With a region as picturesque as this, Sulz on the River Neckar is not just any ordinary town. Really, people from all over come to walk, hike, or bike for hundreds of kilometers on 48 trails throughout the countryside. We can’t forget about the Nordic walking trails, either.
The forest has an observation town giving anyone willing to climb it the most stunning view stretching from the Schwarzwald to the Alb. There are also camping sites throughout the area and a miniature golf course, perfect for staying and playing right in the heart of things.
After a day of walking and cycling there’s no place better to relax than at Sulz’s outdoor swimming pool, known as the Susolei. Only open from mid-May to mid-September, the pool is interestingly enough filled with saltwater. I guess it’s fitting since Sulz was once a medieval salting town.
Sulz’s history runs a very interesting timeline. You’ll find Celtic grave hills, a Roman castellet, and a medieval monastery. Even though Monastery Kirchberg is now a convention center, it still has its beautiful Baroque chapel.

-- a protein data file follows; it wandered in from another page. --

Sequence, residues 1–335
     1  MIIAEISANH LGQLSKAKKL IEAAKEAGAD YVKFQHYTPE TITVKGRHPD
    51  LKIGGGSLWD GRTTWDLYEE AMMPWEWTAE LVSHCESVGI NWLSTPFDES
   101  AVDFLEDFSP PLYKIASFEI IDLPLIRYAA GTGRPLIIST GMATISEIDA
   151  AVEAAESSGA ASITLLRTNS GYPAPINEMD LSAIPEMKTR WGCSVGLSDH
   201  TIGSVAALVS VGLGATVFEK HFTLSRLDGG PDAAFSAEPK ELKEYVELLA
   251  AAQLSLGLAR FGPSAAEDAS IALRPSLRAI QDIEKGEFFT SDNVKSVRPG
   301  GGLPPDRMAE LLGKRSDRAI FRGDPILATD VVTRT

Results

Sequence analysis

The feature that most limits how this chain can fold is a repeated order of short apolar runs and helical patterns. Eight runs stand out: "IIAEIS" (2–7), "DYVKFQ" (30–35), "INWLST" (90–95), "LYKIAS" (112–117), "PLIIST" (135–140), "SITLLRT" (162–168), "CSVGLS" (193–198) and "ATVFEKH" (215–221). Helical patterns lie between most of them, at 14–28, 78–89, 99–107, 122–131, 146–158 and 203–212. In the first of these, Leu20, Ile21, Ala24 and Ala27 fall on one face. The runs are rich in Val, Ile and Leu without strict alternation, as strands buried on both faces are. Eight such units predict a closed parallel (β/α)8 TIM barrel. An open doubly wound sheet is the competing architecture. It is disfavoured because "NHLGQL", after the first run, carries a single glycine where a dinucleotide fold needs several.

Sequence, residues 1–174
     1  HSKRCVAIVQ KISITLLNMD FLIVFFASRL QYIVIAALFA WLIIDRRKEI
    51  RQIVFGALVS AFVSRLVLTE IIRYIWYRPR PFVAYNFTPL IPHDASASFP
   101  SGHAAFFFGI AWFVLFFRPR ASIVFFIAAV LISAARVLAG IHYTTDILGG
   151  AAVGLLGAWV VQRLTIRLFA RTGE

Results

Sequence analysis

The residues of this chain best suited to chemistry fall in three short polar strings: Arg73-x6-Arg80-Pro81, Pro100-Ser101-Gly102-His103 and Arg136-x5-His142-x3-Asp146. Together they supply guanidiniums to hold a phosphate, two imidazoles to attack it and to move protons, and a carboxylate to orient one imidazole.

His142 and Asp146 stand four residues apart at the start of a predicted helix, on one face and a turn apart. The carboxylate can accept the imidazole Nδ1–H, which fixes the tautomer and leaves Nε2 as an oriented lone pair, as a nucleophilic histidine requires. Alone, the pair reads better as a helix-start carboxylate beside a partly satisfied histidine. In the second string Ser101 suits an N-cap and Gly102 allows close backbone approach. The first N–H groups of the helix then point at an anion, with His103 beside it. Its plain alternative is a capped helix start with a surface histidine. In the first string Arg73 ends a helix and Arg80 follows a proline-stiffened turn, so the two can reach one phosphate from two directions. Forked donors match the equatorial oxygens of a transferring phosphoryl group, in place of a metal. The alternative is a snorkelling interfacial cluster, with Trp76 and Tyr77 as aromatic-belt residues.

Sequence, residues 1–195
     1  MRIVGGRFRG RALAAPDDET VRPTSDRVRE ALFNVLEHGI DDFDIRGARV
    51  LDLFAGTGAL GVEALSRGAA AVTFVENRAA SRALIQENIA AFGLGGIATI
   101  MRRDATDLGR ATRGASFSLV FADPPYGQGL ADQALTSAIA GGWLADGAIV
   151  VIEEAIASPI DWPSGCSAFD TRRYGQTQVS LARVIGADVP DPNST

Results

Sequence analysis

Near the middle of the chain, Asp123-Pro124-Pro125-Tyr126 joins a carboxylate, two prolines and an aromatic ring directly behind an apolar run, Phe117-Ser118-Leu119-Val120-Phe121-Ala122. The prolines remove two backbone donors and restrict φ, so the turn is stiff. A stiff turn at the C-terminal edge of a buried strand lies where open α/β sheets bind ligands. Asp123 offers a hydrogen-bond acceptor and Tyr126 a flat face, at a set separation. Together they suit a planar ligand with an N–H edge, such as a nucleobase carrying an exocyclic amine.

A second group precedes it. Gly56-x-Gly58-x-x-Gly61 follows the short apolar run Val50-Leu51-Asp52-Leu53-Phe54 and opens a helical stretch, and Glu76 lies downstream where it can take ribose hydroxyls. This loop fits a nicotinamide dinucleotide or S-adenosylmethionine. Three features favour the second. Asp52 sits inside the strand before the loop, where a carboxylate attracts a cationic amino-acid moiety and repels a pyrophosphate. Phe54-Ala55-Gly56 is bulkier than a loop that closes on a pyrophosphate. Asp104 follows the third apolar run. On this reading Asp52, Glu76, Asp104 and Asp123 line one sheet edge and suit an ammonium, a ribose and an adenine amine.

Another medieval attraction are the ruins of Albeck. It stood for almost 400 years before it was destroyed in 1688.
There is a (water) castle that remains in Sulz which doesn’t lay in ruins, the Wasserschloss Glatt. This funny looking Renaissance castle (one of the oldest castles of its kind in Southern Germany) is an art museum, a farming museum, and a local history museum with exhibits on life as an aristocrat. From the looks of the castle, they certainly lived better than most villagers.
Villagers might not have gotten to live in a fancy-schmancy castle but with Sulz am Neckar’s location along the Alb and the Black Forest they at least had the best views and fresh air.